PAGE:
Both factors can potentially be manipulatedeither to raise or lower the levels of growth factor or, as Asthagiri and colleagues showed in their paper, to raise or lower the contact-inhibition threshold.
In other words, Asthagiri explains, the team's research showed that it's possible to tune the systemto make cells more or less able to respond to a certain level of EGF by "playing with the extent of the contact the cells have with their neighbors."
One way to do that is to crowd the cells. "For instance," he says, "if you take a large number of cells and force them into the same area in which only a few cells are normally found, the cells become somewhat deaf to the growth factors. In order to get these cells to divide, you really have to crank up the level of growth factors they're exposed to."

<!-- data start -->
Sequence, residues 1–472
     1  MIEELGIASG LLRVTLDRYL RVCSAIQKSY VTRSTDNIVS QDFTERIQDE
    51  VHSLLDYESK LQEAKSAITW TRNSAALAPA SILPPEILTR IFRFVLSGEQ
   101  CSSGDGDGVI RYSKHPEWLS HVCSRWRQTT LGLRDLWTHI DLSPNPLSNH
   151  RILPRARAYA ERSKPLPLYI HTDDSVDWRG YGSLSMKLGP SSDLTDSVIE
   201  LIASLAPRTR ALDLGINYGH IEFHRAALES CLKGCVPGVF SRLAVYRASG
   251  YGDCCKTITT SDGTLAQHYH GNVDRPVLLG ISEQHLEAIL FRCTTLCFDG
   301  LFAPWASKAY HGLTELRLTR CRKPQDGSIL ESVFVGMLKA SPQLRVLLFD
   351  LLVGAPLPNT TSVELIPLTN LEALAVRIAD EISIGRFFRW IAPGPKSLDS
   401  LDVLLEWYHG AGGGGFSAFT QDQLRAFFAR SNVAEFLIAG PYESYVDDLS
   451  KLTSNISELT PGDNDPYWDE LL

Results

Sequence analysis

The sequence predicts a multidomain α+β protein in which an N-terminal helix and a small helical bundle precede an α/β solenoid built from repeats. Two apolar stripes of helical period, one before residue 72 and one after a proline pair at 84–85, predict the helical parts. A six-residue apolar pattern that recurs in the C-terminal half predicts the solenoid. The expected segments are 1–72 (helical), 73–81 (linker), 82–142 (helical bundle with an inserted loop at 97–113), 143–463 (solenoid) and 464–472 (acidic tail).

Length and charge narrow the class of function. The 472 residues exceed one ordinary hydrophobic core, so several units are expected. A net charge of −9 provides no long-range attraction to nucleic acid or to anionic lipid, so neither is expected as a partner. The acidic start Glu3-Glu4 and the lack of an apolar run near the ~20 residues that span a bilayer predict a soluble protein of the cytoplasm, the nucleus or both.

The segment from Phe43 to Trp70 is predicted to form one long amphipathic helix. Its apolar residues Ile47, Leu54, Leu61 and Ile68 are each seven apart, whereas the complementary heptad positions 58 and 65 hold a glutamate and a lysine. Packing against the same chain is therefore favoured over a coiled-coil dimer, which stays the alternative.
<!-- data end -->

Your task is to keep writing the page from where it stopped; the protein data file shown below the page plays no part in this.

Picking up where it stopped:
You can achieve a similar result, Asthagiri adds, by creating cells that overexpress a protein called E-cadherin, which is a tumor suppressor protein that promotes adhesion of one cell to another. "This makes the cells less willing to divide," he notes, "which means they need a higher level of growth factor before they will divide."
The relationships between these competing influences "are really striking when you let them play out" under the influence of cell geography, says Asthagirithat is, when the cells grow as a multicellular cluster. The reality is that not all cells in a cluster are exposed to the same amount of inhibition. For instance, the cells in the center of the grouppressed against other cells on all sideswill experience more contact, and will require a larger amount of growth factor if they are to overcom
|Contact: Lori Oliwenstein|
California Institute of Technology